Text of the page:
You can listen to the full interview here. The extended portion about Clowney begins at the 12:28 mark. Earlier in the interview he talks about other pass-rushers, raving in particular about Florida's Dante Fowler Jr.
Several Houston Texans players and head coach Bill O'Brien attended an event Wednesday at Texas Children's Hospital, visiting with children as the team announced a seven-year partnership for the hospital to become the team's official hospital.

Several media members were invited to the event, and from their tweets, we learned a few things. Let's get to them, in list form, with the help of those reporters' tweets.

My take: This is the best Texans news anyone will get all year. David Quessenberry was diagnosed with non-Hodgkins T lymphoblastic lymphoma last summer, spent the summer and fall undergoing aggressive treatments (read more about his journey here). Radiation followed chemotherapy and that process is now finished. In the aforementioned link, you'll read that this isn't the end of the road, but it's a very important and positive milestone for Quessenberry. Great news.

My take: Ryan Mallett said in December that he wants to be back with the Texans, and he repeated that Wednesday. He also provided this update on his pectoral muscle: He's started tossing the ball around, but is taking his recovery day to day. Mallett will hit free agency on March 10 if the Texans don't reach a deal with him before then. I'm betting it will happen.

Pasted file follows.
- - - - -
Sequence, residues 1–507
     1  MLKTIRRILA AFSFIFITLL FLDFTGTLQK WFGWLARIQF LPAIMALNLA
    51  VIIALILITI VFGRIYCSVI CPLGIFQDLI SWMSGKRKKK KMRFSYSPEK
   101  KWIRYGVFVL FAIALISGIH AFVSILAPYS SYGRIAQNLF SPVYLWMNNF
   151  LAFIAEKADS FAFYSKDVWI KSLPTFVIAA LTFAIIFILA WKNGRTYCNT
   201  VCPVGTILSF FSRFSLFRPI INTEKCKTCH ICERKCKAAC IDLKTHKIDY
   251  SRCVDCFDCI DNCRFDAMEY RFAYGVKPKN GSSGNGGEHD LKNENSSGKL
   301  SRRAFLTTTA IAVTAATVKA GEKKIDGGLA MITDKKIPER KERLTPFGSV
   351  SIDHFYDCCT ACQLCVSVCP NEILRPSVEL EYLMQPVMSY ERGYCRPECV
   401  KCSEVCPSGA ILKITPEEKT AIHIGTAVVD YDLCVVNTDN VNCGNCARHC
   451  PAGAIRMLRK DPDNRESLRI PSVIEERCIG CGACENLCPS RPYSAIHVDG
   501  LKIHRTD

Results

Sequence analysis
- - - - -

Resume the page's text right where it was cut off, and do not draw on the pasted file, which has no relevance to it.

My take: Chris Myers' future is an interesting one. He acknowledged to reporters that the business side of football comes into play. Simone Eli of KPRC tweeted that Myers has been working out with the team. Myers still has one year left on a contract he signed in 2012, and his salary-cap figure for that year is $8 million, which has spurred some of the discussion about his future.
INDIANAPOLIS -- Observed and heard at the NFL combine on Friday:
  • Watt
    J.J. Watt serves as a role model: Friday afternoon, Texans' defensive end J.J. Watt tweeted these three words: "High motor guy." He didn't explain it, but that designation is one he's talked about in the past with some annoyance, as if Watt's "motor" is all there is to him. Obviously, the two-time defensive player of the year, who garnered 13 overall MVP votes this season, was much more than that. He'd be pleased to know that one of the most talented defensive linemen at the combine looks to his game for ideas. Southern Cal defensive end Leonard Williams watches a lot of Watt. "He’s very versatile, like I see myself," Williams said. "When I see the film, I see how the coaches try to make mismatches, like they do for him, at USC. I try to pattern myself after a lot of things he does." It's a lofty and worthy pursuit.